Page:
These activities can range from researching your favorite foods online to see if you can make them at home, to singing a conversation to the tune of your favorite song. See the full list of example activities here.

Sources: Canadian Library & Learning Network, The Excellence in Literacy Foundation, Literacy and Policing Project, Literacy Council

Identifying Different Types of Learners

There are many different ways that people learn, and in any classroom, you are bound to encounter several students from each learning category.  While one method of teaching may work very well for a certain type of learner, another type may not respond at all to what you try.  As a new teacher, it is very important to learn how to identify the different types of learners in your classroom, and then to make sure that each one of your lessons takes into account every style of learning that your students may need.  To become an effective teacher, you must anticipate the needs of your students and tailor your lesson plans to best benefit each type of learning your classroom.

 

 

Auditory Learners

In the past, most styles of education relied on the belief that all students were auditory learners.  This has, of course, since been proven incorrect, so you should never rely solely on auditory teaching methods to reach your class.

Auditory learners focus best on verbal, spoken language, but may struggle with the written word and with hands-on projects.  While listening to information over and over again can help an auditory learner remember much more easily, the same student may get nothing out of reading a chapter silently out of a book.  These students are easy to identify, even as a new teacher, because they tend to be the most outgoing students in the classroom.  They may be social butterflies who enjoy talking and hearing themselves talk, and they tend to be class clowns who always seem to be at the center of attention.

 

 

Visual Learners

Visual learning focuses on the interpretation and absorption of taught information by seeing and processing it.  Visual learners are slightly less common than auditory learners, but still may comprise the majority of your classroom.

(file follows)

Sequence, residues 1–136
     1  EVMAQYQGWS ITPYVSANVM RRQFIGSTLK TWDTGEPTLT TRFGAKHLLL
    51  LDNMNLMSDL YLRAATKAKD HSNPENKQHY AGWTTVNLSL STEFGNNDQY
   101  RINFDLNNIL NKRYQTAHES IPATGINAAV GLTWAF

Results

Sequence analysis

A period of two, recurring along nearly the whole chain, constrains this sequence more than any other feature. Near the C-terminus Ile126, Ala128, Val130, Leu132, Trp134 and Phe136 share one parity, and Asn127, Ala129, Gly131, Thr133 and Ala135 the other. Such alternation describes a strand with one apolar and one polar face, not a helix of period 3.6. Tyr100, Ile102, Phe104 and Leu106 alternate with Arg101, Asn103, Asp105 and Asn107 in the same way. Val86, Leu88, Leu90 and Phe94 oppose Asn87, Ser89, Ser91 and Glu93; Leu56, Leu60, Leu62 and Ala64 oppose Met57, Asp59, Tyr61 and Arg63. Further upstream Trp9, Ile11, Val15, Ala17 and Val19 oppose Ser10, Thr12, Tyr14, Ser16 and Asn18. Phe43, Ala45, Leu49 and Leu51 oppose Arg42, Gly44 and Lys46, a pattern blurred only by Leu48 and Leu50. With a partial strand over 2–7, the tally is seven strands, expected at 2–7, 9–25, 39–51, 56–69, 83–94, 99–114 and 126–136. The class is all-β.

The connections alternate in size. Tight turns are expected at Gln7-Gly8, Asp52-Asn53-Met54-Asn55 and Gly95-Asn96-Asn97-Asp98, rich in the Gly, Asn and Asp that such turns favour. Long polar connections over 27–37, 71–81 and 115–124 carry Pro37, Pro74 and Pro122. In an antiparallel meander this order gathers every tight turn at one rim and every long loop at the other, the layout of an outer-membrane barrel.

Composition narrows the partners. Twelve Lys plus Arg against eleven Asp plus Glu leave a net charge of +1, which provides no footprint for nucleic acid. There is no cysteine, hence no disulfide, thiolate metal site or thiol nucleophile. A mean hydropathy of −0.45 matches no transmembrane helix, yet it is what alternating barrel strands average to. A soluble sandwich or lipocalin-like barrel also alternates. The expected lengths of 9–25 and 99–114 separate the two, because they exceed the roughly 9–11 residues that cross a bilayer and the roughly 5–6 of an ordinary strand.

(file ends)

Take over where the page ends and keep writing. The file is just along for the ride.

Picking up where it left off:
A student who learns best visually does well at quiet reading time, and can learn material from watching movies as well.  The same student may struggle with directions that are given verbally, and may not do very well when trying to construct something by hand.  Visual learners can be identified by their strong attention to detail and need to be organized, even at a young age.  These students are good at one-on-one conversation, but may not be part of a larger group, and may be much quieter than their auditory counterparts.  Noise often distracts a visual learner, and these students may need you to physically perform a task before they can repeat it.

 

 

Kinesthetic Learners

Although kinesthetic learners are not quite as common as auditory and visual learners are, they are still common enough that you are sure to encounter a handful even in your first class.  They may be more challenging to teach, but if you are prepared you should not have any trouble.

Kinesthetic learners are best suited to learning by doing.  These students retain information when they are able to manipulate objects or understand information by interacting with parts of it.  They may not do well when given verbal direction or shown how to do something, but instead want to dive in and try it on their own.  You can identify a kinesthetic learner in your classroom by pinpointing the students who cannot seem to sit still while you are teaching them.  Gain their attention by providing lots of hands-on class experiences.

 

Identifying and teaching different learning types in your classroom does not have to be a difficult achievement.  Simply keep these tips and strategies in mind, and you will be well on your way to successful teaching in no time.

The Good Teacher’s Guide

A child’s education is nothing without a quality teacher to provide it.  But just what makes a good teacher?  What are the characteristics that all teachers should strive toward in order to have the biggest influence on their students?  Read on to learn all about the ways in which a teacher can go from being simply  a teacher to becoming a good, effective teacher.

 

Use Understandable Objectives and Goals

Every teacher needs a lesson plan, but if that plan is complicated, confusing, or does not seem to have an endgame in mind, it is useless.  Teachers often fall into the trap of teaching scattered subjects from all over the place, when in reality, a good teacher is one who can focus his or her time and energy and cover every subject in a sequential order.  In the same way, a teacher must provide consistent feedback through grades and notes.  The grading policy should not change in the middle of the year.

 

Engage While Teaching